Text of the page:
This is the fifth annual report on flood and coastal erosion risk management (FCERM) in England, and fulfils our duty to report under Section 18 of the Flood and Water Management Act 2010 and the national FCERM strategy.
From Blackmore Vale Magazine: 'Simple but effective changes have been made to the Hampshire Avon to help fish fry and other wildlife.
Team work between the Environment Agency, Barbel Society and Wessex Chalk Stream and Rivers Trust will give a boost to the habitat thanks to:
Flood alleviation, habitat enhancements and a Bat Habitat Strategy are all part of a major project which aims to revitalise waterways along the River Avon and the Kennet and Avon Canal.
From Bath and North East Somerset Council: Bath & North East Somerset Council is proposing to allocate up to £150,000 to support projects to improve the river corridor in Bath over the next year.
Survey on river management and the River Styles Framework.
Macquarie University are looking for people who work in river management/restoration to undertake this survey in order to gain some insight into current river management practices, tools and networks. This will help make improvements to the existing tool, prioritise new features and support river management practices through applications and professional development.
Project which aims to restore Clifton Beck and involve local communities has received a funding boost from the Heritage Lottery Fund.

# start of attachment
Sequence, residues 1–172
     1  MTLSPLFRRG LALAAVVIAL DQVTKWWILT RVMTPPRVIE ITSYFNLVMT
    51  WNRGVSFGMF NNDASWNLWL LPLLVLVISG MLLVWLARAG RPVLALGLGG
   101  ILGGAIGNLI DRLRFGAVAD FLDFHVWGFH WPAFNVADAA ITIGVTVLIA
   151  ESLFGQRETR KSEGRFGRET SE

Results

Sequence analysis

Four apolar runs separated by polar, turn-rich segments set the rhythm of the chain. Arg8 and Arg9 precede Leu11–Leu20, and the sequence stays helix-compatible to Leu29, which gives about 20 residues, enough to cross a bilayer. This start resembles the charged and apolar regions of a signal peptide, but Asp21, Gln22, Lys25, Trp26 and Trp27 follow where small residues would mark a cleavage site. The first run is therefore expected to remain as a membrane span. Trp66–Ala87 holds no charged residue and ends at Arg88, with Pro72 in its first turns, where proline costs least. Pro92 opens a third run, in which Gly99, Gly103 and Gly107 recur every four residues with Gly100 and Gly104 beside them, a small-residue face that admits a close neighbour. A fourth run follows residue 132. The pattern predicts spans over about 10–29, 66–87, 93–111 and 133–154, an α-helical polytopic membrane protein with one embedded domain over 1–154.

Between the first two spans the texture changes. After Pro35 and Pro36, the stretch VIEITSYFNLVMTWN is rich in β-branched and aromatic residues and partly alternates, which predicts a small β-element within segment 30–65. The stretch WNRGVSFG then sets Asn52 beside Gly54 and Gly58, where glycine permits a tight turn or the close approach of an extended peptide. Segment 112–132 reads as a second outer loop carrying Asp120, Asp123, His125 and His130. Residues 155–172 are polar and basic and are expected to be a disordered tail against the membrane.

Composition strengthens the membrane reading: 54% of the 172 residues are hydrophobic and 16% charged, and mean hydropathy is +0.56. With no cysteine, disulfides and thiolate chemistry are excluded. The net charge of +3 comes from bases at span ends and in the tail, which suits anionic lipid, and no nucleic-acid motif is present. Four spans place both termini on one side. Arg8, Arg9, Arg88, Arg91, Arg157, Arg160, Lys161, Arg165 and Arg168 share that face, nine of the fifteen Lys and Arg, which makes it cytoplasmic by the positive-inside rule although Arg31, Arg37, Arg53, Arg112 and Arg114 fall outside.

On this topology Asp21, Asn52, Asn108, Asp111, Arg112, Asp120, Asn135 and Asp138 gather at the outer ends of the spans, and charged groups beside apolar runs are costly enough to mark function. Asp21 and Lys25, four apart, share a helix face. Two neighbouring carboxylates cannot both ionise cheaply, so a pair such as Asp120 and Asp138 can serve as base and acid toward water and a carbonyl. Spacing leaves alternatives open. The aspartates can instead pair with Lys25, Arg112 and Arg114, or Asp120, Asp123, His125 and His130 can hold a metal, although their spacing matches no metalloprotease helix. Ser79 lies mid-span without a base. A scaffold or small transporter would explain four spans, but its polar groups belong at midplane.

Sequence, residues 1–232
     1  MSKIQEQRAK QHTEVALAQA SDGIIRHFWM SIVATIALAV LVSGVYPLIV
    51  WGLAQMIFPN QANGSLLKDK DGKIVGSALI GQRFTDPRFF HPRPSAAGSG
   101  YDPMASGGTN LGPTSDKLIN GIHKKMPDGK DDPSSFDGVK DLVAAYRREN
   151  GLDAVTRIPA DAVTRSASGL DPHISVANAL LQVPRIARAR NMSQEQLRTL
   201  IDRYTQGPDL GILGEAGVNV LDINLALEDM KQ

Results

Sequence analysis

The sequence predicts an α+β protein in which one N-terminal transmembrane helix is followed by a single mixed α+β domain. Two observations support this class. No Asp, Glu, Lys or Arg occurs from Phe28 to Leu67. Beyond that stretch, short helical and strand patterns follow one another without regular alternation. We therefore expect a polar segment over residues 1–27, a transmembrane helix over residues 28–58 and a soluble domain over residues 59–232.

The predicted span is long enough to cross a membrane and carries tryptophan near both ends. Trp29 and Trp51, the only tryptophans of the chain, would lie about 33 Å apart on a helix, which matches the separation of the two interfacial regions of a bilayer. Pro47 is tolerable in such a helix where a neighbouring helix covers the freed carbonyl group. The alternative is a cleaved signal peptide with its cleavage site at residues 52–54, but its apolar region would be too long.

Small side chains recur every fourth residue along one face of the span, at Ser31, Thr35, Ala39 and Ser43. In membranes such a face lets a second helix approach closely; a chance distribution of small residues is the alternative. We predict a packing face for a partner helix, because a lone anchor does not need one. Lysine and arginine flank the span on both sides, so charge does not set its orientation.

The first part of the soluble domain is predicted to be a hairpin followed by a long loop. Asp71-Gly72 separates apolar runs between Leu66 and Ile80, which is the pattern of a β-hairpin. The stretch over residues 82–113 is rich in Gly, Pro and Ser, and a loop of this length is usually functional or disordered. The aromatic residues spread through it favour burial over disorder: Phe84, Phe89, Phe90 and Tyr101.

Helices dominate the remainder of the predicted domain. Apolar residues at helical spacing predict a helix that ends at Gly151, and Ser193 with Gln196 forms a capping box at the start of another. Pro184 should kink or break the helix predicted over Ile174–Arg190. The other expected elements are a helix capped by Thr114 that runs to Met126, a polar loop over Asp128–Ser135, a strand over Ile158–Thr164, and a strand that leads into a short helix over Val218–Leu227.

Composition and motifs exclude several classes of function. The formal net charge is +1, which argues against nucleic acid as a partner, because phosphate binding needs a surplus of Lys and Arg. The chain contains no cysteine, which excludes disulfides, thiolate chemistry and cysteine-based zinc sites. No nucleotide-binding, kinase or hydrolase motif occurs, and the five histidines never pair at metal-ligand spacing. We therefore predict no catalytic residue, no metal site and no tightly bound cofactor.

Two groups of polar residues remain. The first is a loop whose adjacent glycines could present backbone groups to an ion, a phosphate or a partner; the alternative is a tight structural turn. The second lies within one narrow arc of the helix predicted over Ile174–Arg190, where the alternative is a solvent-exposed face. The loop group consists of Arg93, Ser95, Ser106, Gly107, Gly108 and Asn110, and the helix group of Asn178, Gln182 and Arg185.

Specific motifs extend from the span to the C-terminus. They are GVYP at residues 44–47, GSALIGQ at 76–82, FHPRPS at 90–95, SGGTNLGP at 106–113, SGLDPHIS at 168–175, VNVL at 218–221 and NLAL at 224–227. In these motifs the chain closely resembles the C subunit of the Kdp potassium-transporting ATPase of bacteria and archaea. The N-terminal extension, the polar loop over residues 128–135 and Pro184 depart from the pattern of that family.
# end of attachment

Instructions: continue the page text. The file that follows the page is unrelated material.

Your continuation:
From the Telegraph & Argus: A project aiming to improve a beck running through parts of the Bradford district has received a £74,500 funding boost from the Heritage Lottery Fund (HLF). The trust will start work this month and hopes to complete its project by April 2018, with support from the Environment Agency, the Calder and Colne Rivers Trust, and Bradford and Calderdale Councils.
EU funding has been secured by the National Flood Forum, in partnership with the Rivers Trust, to work together with local communities, local authorities, rivers trusts and catchment partnerships to reduce flood risk in the East of England.
Almost £20 million has been secured to fund the largest restoration project of its kind in Europe which will reopen the UK's longest river to all fish species, including endangered shad, salmon, eel and lamprey. A partnership between The Severn Rivers Trust, the Environment Agency (EA), the Canal & Rivers Trust and Natural England (NE) successfully secured this funding from the Heritage Lottery Fund and EU LIFE-Nature.
From The Northern Echo: Tens of thousands of salmon have been helped by a new fish pass as they make their way up the River Tyne in a once-in-a-lifetime journey to spawn. Along with thousands of sea trout, the fish swim up from the sea so they can lay their eggs in the tributaries of the river.
Stroud District Council have produced a new film to describe the technical principles of Natural Flood Management on small streams and their catchments. The film looks at the different techniques and methods they have used and how to build a variety of NFM structures in the landscape. The video describe principles, methods, design and how to maximise multiple benefits for biodiversity and water quality.
Click the link below to view the video.